We gather here today to say farewell to our dearly beloved. May the gods of gaming welcome you into their embrace, and may you rest eternally in peace. The world will never see your likes again.
This is how it feels every time I hear a game series I like is ending. I felt an overwhelming sense of loss for Android: Netrunner. I feel saddened by the end of Ashes: Rise of the Phoenixborn. I mean, honestly, it’s a bit pathetic how beside myself I get when it comes to an end. There is some sort of mental block which makes me feel like I’ll never play them again.
This is all despite the fact they’re on the shelf behind me as I type this.
Unlike a dearly departed friend, or even a videogame such as an MMO which ends and all servers being switched off – it is still possible to play. Where I think this mentality for me comes in is the meta game and the player base. Basically unless you’re playing competitively these are two things you probably won’t care about.
When a game series ends the meta game freezes. The top tier decks will forever be the top tier decks. And any cards which were currently in play remain with the ban list never changing. It means any fresh combinations are gone. And without new cards and new combinations, players will slowly trickle off until only a handful, if any, remain. But it doesn’t have to be this way.
I’ve seen a few different ideas surface around the place, particularly in the Android: Netrunner community. Formats such as the “corebox plus one big box expansion plus one datapack” limitations to deck creation. I’ve organised and managed a corebox cards-only tournament awhile back. It was really fun to see some of those old cards make the rounds again. And this is exactly the point – there are usually so many cards in these games by the time they come to an end. People will often mistake larger card pools for more choices. This just isn’t accurate in reality. Because given the choice between a good option and a bad option – well the word “choice” there seems misleading at best.
Limitations are often what make things more interesting. Think of tournament organising as a resource management game – banning or limiting certain cards, making players choose between two or three viable and good options. The old saying “variety is the spice of life” is applicable here, because the right amount of spice is delicious. But if you pour too much spice into your dinner then it’s going to be a shit-show.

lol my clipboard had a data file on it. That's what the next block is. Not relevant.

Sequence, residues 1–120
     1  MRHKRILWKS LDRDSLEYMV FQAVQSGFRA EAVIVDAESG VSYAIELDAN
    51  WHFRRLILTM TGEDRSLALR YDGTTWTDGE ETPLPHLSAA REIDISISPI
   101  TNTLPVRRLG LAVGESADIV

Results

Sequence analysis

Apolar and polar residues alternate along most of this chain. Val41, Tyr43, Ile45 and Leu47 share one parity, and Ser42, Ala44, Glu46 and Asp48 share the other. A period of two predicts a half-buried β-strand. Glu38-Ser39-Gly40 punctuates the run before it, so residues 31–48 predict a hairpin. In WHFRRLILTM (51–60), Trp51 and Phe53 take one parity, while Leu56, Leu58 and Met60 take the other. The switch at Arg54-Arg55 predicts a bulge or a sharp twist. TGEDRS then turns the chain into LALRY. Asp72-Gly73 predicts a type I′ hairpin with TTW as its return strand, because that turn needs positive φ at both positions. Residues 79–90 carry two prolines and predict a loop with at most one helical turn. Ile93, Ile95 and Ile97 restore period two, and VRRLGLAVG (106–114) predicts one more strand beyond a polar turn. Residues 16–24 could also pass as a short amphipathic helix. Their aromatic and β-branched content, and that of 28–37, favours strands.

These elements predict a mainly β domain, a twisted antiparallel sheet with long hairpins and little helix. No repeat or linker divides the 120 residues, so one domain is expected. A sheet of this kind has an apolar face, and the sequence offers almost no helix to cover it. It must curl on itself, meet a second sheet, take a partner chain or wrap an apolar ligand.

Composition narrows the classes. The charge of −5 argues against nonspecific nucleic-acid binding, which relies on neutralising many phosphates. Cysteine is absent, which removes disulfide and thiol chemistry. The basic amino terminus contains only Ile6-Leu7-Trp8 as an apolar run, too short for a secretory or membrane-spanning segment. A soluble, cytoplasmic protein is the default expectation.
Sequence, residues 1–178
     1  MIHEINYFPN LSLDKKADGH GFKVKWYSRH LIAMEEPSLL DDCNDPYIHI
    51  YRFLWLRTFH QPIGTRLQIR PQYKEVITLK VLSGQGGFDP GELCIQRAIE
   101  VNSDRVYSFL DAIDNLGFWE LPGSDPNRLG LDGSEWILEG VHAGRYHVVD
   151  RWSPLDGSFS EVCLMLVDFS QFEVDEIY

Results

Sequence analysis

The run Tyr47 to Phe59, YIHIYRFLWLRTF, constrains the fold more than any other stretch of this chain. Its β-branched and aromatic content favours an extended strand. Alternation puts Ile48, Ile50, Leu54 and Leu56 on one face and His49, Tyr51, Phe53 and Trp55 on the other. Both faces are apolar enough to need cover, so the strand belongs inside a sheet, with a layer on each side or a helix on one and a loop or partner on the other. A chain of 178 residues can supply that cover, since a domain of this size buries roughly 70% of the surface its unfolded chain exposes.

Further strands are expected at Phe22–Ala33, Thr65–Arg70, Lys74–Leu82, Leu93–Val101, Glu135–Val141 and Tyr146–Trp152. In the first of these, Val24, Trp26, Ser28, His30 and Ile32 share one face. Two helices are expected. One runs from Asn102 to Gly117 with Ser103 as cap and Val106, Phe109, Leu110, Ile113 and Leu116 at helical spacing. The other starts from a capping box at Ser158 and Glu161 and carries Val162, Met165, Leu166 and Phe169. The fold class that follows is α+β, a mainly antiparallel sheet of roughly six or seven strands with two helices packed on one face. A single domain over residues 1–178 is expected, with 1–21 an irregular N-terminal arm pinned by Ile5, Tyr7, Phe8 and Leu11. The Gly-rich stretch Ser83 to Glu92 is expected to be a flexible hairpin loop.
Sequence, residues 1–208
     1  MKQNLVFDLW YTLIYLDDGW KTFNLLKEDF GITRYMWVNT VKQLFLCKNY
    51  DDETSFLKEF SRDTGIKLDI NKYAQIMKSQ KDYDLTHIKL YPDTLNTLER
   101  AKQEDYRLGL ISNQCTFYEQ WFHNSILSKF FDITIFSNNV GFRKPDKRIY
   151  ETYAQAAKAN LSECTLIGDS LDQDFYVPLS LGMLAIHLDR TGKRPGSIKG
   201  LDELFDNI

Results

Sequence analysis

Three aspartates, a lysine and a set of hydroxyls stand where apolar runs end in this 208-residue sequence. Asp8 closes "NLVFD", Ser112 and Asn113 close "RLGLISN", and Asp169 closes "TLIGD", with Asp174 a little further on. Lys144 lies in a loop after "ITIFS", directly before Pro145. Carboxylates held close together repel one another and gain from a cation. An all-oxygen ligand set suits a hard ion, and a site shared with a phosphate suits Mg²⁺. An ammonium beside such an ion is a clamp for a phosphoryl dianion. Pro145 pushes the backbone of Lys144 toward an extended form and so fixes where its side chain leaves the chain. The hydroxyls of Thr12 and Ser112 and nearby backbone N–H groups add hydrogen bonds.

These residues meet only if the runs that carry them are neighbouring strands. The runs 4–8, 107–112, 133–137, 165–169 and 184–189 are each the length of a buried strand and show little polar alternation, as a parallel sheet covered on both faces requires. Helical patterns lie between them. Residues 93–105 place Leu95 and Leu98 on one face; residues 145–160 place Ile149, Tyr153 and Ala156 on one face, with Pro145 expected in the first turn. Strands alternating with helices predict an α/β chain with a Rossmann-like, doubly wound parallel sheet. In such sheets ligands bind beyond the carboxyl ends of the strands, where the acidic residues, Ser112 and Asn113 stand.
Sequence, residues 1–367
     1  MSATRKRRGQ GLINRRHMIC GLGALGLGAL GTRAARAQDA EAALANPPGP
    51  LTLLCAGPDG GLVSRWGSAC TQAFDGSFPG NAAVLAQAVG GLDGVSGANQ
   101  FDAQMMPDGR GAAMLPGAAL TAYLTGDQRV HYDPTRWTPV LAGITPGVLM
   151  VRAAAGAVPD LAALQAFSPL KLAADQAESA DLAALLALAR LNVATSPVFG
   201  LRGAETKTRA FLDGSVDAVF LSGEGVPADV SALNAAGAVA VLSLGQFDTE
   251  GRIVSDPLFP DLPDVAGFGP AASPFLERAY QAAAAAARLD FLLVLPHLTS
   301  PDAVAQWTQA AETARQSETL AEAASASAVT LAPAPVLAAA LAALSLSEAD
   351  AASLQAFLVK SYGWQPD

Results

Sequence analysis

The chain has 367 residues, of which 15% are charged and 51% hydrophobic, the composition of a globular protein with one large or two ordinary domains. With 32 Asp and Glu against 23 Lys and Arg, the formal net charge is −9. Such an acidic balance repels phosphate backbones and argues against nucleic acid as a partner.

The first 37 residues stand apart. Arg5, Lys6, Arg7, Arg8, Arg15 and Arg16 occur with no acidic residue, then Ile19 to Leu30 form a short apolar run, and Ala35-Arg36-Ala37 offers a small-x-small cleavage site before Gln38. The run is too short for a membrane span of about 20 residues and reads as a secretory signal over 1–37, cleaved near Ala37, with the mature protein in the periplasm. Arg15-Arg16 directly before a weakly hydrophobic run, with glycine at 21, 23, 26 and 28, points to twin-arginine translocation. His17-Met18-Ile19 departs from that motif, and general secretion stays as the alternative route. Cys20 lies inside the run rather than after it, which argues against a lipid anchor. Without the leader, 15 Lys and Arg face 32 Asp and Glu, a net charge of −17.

When Lachlan and I would prepare for Android: Netrunner tournaments, we’d play on Jinteki.net on the weeks leading up to it. In order to learn different combinations, different styles of decks, and different elements of the game (plus just to shake things up) we would often give each other an ID or a certain card or whatever and we had to put together a deck within fifteen minutes then play it.
With Ashes: Rise of the Phoenixborn – drafting from a box was always my favourite way to play. This meant everyone was on the same starting level. And drafting is still an option for many of these games. I like the drafting system in Ashes and it can pretty easily be expanded to other games – you put a single copy of all cards in the pool into a draft deck. Then when drafting is done, you collect the other copies of the cards you’ve drafted up to a full playset. This enables you to still make decks which work really effectively.
I’ve played hundreds of board games over the last few years (at a conservative guess), and the ways to play I’ve mentioned above still stick out for me because they were a different take on games I adore.
I am curious to see what happens to the aftermarket with these games once some time has passed. Sometimes popular games skyrocket in value, depending on rarity etc., whereas other times cards become dirt cheap to pick up a whole set (I’d love to get my hands on the cards I’m missing for A:N and A:RotP). Having a quick look around it doesn’t seem this has occurred around the end of May 2019. But it was a bit of wishful thinking to assume it would have given Ashes hasn’t officially ended at time of writing (though they’ve announced the final products).
My point in this article isn’t to say it’s not sad when a game goes away. It undoubtedly is. And it’s inevitable for the player base to decrease drastically. But as much as we dub them “dead” games, it’s really the wrong mindset to have about them. They’ve transitioned into something else. They’re more akin to the other board games we’ve got on our shelves. Something where all the pieces are in there and you’ve just got to set it up to play.
So when a game ends, we need to think more about shifting our perspectives on it. We can still play. Nobody is coming to your house and taking the cards from your shelves.
So instead of holding a funeral for the games, we should treat it like an upbeat Wake.
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